Mental Health Part II

6. Can Guardianship assist us in caring for our mentally ill family member?

It should be noted that there is very clear guidance by our Appeals Courts as to what decisions a Guardian may make in terms of psychiatric care and treatment. It is limited and very fact specific.

7. Our mentally ill loved one is accused of committing a crime. What can we do?

Seek legal help immediately from attorneys well versed in both criminal and mental health law. Time is of the essence when a person struggling with a mental illness enters the criminal justice system. Do not presume that law enforcement will be sensitive to your loved one's disability. Statements, actions and other evidence will likely be used against your loved one in a criminal prosecution.

8. What is a Mental Health Warrant?

New York's Mental Hygiene Law provides the legal framework for a family member (and certain other individuals) to make a legal application before a Supreme Court Judge for a Warrant to produce an alleged mentally ill person before the Court. If the Judge is satisfied that the Petitioner (usually a family member) has made a sufficient showing that the alleged mentally ill person is in need of immediate hospitalization for observation, such an Order will generally be granted.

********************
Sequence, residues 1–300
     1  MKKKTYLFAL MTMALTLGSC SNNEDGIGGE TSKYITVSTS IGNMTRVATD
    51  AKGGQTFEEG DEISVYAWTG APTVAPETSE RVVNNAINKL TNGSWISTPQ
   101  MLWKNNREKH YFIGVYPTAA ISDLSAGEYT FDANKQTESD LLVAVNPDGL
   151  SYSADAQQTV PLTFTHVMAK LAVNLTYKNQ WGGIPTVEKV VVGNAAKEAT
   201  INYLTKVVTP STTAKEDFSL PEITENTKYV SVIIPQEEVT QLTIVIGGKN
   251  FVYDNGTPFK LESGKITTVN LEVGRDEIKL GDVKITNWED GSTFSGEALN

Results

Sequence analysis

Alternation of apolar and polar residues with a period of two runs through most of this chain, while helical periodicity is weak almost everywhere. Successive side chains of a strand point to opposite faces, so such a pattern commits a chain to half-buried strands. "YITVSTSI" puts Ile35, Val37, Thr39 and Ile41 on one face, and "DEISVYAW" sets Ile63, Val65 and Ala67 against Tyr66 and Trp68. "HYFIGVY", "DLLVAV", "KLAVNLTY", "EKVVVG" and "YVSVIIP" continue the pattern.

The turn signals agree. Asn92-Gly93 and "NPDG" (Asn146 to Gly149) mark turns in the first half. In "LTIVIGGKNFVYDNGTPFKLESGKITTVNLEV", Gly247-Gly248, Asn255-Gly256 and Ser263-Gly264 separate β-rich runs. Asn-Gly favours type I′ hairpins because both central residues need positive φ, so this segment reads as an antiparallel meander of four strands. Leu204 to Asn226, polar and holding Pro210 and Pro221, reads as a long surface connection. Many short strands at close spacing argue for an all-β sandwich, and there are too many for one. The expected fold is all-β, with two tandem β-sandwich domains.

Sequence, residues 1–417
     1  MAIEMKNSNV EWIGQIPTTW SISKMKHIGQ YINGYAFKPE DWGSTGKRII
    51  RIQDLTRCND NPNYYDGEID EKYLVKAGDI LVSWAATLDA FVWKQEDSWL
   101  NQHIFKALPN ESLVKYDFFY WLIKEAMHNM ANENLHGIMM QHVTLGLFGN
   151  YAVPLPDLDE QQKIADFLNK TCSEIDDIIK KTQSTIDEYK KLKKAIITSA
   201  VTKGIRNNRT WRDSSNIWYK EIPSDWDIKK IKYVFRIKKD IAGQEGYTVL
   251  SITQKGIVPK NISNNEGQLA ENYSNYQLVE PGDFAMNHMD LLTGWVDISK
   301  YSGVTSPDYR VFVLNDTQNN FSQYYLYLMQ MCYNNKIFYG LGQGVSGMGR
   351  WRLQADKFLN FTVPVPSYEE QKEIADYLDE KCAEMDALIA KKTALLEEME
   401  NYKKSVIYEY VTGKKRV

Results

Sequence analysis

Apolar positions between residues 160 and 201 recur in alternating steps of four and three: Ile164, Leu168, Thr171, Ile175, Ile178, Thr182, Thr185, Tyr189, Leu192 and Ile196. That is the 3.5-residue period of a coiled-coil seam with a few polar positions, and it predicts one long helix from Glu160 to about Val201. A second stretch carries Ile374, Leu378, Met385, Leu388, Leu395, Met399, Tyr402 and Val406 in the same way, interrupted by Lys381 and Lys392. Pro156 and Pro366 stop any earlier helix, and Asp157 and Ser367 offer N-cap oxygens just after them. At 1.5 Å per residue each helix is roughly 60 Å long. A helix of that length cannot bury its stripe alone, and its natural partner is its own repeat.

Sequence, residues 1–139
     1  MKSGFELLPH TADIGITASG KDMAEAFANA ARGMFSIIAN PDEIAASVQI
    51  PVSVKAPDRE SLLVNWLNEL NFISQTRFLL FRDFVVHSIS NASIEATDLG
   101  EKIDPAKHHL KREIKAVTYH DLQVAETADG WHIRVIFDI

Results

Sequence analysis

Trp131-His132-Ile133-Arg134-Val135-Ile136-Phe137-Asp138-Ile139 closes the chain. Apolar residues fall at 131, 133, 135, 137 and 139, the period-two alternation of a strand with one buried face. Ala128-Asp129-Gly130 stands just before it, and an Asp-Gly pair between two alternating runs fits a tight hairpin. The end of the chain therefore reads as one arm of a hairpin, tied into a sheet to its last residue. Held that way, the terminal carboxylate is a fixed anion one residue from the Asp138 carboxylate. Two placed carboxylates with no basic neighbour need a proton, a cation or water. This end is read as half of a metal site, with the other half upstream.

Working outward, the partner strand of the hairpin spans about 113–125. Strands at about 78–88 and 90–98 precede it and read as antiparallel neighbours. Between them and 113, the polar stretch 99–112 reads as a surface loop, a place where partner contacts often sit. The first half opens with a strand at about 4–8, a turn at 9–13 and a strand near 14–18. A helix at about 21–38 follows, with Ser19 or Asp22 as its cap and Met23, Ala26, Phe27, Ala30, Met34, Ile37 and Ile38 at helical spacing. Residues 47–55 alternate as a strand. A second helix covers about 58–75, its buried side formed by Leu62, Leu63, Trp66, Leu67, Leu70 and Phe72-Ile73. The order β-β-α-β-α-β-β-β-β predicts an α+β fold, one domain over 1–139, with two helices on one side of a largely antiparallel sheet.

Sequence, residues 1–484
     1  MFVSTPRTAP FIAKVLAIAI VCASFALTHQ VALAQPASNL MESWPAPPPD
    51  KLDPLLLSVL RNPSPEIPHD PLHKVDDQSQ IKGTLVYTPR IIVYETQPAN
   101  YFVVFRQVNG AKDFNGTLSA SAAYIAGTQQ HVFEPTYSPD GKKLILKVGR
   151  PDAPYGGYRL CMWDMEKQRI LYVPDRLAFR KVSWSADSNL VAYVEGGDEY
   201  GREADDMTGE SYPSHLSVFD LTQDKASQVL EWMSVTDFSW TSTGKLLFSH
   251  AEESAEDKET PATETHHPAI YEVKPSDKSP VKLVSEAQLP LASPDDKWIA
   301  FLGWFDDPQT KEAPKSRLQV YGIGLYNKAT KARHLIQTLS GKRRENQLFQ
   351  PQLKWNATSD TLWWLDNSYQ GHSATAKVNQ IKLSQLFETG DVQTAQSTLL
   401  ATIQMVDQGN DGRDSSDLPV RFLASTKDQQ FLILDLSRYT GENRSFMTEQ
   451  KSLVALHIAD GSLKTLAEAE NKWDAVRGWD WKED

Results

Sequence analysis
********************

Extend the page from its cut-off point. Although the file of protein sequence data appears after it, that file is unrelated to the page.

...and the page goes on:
9. How does New York State's new Family Healthcare Decisions Act affect my child's mental health care?

Recent passage of the Family Healthcare Decisions Act (FHCDA) has varying impact on psychiatric and/or medical care and is very fact specific. It is best to review hospital policy on this issue and to consult with a health care legal professional to navigate the myriad of issues surrounding care and the FHCDA.

10. What public benefits can I secure for my mentally ill loved one?

Benefits can include Medicaid, SSI, SSD, Section 8 Housing, Food Stamps, private insurance and many others. The important thing to focus on is preparation and knowledge. Most benefits have lengthy and complicated application processes. Additionally, one should never quit at a first denial. It is best to seek assistance if there is any doubt when considering which benefits are most suitable for your loved ones.

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